Of course, in certain circles like Law Enforcement and the military, it is more well known, as these are the groups it was originally for, though it has since opened up for all to learn. Despite this expansion and the length of time it has been around (at least 80+ years) there are still so many myths about the style out there. This is partially due to the fact Krav Maga isn’t as wide spread as we would like (YET) and partially due to an abundance of underqualified individuals teaching it (No, a piece of paper does not mean you know how to run a school properly or teach KM in a consistent, structured manner while maintaining the essence of the system.)

So, as we do every once and a while, we thought we would break down a few of these myths in a series. Here are some of the myths or commonly held ideas we wish to break down, in detail, over the coming weeks. If you find you are annoyed by one of these sections, just hold on for the full post, in which we will deconstruct that myth more thoroughly. (Then you can get mad.)

“It’s always easy”

One of the concepts thought to be a core tenant of Krav Maga is that it is “easy,” and therefore people of all ages, shapes, and sizes can learn it. This is often a message promoted by the, now “big box,” franchised, Krav Maga organizations; often openly stated in their marketing material.

This is both true and untrue.

While the techniques and approach of Krav Maga should be easy to learn they, like anything, take time and effort to see results. If your Krav Maga school is always easy, and you enjoy every class, all the time, and you never once thought you Hate your instructor, then, I am sorry, it’s probably not Krav Maga.

While Krav Maga is easy compared to other styles, from a technical standpoint, its training and process should not, and cannot, be easy or comfortable at all times. This means that, though Krav Maga is one of the best self-defence styles in the world, if not the best, it may not be for every one. Sorry, not everything is.

“It should be taught as it was by its creators”

Many organizations and individuals still take a “traditional martial arts” approach to Krav Maga. They say, “this is how I was taught by the Master so-and-so, thus I should I teach it to my students this way as well.” This is patently wrong and actually goes against some basic principles of Krav Maga. That is, if it doesn’t work, don’t use it! Inherently, by the fact that the times change (and so do people), attacks will change, tools will change, and knowledge will change, so too must the techniques and strategies change.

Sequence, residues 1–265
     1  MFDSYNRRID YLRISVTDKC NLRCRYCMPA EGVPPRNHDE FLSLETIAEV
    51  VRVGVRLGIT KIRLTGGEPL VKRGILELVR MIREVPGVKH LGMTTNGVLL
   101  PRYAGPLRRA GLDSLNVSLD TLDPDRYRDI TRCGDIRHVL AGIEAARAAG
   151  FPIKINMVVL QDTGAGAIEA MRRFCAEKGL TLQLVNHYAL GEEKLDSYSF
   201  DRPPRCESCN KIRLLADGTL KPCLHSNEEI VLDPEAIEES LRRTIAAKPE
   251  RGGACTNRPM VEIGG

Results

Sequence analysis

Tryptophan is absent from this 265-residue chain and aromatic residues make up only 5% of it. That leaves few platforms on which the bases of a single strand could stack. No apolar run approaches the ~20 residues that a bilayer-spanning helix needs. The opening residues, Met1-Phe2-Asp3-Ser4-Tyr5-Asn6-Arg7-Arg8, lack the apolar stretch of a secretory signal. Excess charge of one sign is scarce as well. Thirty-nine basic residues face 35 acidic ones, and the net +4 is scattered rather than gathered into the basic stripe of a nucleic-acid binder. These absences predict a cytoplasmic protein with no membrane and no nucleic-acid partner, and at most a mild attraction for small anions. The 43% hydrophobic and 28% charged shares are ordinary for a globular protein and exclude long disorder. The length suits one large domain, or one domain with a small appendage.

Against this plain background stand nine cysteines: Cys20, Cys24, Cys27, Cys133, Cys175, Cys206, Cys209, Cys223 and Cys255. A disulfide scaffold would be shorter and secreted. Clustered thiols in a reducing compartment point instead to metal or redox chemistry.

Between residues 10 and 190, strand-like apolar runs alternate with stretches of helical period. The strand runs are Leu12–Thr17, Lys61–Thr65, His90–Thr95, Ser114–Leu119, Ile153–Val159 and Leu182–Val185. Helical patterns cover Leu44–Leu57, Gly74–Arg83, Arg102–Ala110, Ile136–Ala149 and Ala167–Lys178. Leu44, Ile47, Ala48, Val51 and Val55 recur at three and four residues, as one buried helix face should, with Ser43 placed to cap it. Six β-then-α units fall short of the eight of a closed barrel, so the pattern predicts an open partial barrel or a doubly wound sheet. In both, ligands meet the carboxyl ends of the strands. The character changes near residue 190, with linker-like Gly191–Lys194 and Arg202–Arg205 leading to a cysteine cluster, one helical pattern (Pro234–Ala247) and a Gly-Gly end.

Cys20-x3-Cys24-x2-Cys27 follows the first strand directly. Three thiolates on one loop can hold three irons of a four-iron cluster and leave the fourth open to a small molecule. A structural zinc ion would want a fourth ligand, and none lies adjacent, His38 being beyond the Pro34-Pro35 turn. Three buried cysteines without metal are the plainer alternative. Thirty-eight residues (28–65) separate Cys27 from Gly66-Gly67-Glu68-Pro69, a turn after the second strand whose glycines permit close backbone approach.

I have met individuals from various organizations and countries whom are training Krav Maga as it was taught 30 years ago, and they told me “only this is Krav Maga.” I suspect many of these instructors have lost their connection to those at the forefront of Krav Maga. Or they have simply been tricked by their own ego.

Just like with the principle of “Situational Awareness,” instructors must look at their system and their methods, then assess, assess, and assess. Further to that point, as a student you must know that, periodically, techniques may (and should) change. This might come in the form of additions or subtractions in the curriculum, modification to the way techniques are executed, or new approaches to how techniques and principles are taught.

“It’s always about Aggression and Fighting”

I regularly encounter the belief that “If I learn Krav Maga I will be really aggressive, because it’s just about going crazy and fighting.” While aggression and an understanding of how fights work are components of learning Krav Maga, these in themselves are NOT Krav Maga. Remember, Imi Licthendfeld, the founder of “modern” Krav Maga, when asked what its purpose was, said “so one may walk in peace.” Does this sound like the words of someone who wanted people running around being aggressive and messing people up? I think not.

While you certainly cannot learn Krav Maga with out learning to attack with purpose and aggresion, if you think you are always going to walk into a Krav Maga class and go 100% trying to kill each other, you are completely wrong and probably need to spend less time on the internet (or get better sources).

More accurately, Krav Maga teaches you to understand, and respect, the reality of violence, with the additional understanding that times change and so do people. Especially in a modern world in which laws matter and cameras matter, making self-defence more complicated, you need to have a more holistic approach to your Krav Maga.

“It’s too lethal to train properly or spar”

If you believed the previous myth then you may also believe this one, as they are fairly connected. It is simply bullshit. The reality is, if you understand HOW to train your nervous system, and you understand Krav Maga ideas and strategies from a “principles first” point of view, then all you really need to know is that you CAN flip that switch and apply it in a lethal form.

Obviously, if it is so harsh that you cannot train consistently and for a long time, then the training isn’t very good at all. The hardcore mentality is an “Old School” mentality and is misguided if you expect longevity in your training path. Additionally, not everyone is capable of going hard all the time, not to mention we want to avoid injuries in order to stay training. So if we actually trained at 100% all the time, the bodies would hit the floor and we would be violating another Krav Maga basic; avoid injuries. It’s not about training hard or for lethality, it’s about training smart to get the results we need. If you came to class to “kill” there’s a good chance you won’t last, because either someone will put you in your place or you will be kicked out.

“It’s all about Combat Tactics and only for the Military and Police”